• Shows interest in toilet training

  • Cuts paper in half
  • Laces 3 holes
  • Cuts across a line deviating no more than ½ inch
  • Draws a plus
  • Traces a horizontal line
  • Holds pencil with thumb and index finger with other three fingers against palm
  • Interacts/plays with other children
  • Shares/ takes turns
  • Unbuttons buttons and buttons 1 button
  • Washes and dries hands
  • Brushes teeth with assistance
  • Dresses self with supervision, Undress with assistance
  • Can pour from a small pitcher

  • Draws a square
  • Cuts circle and a square
  • Connects dots with a straight line
  • Uses a tripod grasp
  • Touches each finger to thumb
  • Colors between vertical lines
  • Able to buckle shoes or belt and zip zippers
  • Uses toilet independently

  • Folds paper in half twice with edges parallel
  • Cuts out simple shapes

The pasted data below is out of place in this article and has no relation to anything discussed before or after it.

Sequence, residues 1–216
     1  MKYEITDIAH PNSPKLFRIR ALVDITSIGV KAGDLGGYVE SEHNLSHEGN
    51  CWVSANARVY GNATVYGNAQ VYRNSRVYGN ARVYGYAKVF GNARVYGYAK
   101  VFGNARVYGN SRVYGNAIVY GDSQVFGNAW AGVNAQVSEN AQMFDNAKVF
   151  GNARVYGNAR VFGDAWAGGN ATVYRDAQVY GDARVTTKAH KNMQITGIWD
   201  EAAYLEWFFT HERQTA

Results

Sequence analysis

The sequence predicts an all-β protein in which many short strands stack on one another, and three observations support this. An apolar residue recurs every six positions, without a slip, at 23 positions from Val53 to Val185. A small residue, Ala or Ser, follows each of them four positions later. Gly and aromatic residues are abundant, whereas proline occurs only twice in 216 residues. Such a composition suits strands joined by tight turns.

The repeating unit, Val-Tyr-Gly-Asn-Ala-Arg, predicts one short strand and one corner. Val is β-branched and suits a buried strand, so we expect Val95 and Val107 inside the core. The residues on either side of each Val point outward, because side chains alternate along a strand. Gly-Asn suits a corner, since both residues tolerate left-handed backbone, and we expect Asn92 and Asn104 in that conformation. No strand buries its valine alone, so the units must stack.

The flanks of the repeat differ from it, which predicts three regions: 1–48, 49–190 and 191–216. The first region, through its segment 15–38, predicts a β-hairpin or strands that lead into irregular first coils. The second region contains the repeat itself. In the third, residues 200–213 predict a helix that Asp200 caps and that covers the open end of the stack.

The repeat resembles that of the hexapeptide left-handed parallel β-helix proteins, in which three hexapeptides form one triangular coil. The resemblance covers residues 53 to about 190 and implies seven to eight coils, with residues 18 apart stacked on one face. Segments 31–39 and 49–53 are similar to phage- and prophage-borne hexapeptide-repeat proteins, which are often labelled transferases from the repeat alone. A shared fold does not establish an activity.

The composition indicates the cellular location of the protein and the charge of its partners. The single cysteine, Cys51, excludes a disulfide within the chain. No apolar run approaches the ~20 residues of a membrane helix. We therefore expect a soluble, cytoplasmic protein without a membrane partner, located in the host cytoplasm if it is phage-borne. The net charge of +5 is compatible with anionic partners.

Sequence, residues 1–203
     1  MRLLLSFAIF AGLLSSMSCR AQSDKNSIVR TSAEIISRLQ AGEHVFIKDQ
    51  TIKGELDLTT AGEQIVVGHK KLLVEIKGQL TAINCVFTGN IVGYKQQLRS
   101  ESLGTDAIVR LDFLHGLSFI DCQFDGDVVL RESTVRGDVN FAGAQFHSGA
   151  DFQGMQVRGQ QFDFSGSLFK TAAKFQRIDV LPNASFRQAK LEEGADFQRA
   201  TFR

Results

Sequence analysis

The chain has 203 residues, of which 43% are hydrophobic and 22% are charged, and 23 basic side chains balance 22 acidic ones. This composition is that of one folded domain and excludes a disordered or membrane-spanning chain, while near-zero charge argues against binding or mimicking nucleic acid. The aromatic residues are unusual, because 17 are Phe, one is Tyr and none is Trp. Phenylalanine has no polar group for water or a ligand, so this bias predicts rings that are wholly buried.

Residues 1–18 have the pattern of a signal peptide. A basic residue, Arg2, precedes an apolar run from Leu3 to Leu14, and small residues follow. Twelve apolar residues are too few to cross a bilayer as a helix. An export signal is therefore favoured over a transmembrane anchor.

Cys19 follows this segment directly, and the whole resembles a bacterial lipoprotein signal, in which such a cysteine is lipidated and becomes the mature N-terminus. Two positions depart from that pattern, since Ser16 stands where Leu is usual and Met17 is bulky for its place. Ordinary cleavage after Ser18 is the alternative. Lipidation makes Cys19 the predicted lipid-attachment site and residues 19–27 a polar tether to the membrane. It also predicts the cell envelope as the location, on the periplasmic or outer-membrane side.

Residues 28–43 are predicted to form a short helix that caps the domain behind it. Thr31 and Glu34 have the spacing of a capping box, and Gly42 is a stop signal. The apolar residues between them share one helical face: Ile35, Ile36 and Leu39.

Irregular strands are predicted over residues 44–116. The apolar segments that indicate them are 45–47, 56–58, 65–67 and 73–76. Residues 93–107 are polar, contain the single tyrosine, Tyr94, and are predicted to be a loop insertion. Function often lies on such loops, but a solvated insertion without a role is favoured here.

• Learns to write the alphabet
  • Colors within the lines
  • Holds a pencil with thumb and index finger
  • Establishes right- or left-handedness
  • Plays simple and competitive games
  • Engages in cooperative play with other children
  • Chooses clothes and gets dressed
  • Learns to put shoes on the correct feet
  • Learns to tie shoelaces
  • Brushes teeth independently

  • Writes upper- and lower-case letters easily
  • Can copy from the board
  • Can complete mazes
  • Can ride a bike
  • Can engage and attend to schoolwork
  • Can solve simple dilemmas
  • Can resolve minor conflicts with peers

Sensory integration is how our brain receives and processes sensory information so we can carry out age-appropriate activities in everyday life. For most children, Sensory Integration develops in the course or ordinary childhood activities. Motor planning ability is a natural outcome of this process, as is the ability to adapt to incoming sensations. For some children sensory integration does not develop as efficiently as it should. When this process is disordered, a number of problems in learning, development, and behavior may become evident.

Sensory Processing Disorder (SPD)exists when sensory signals are either not detected or don't get organized into appropriate responses. Difficulty in processing and misinterpreting information may occur in one or more of the following systems: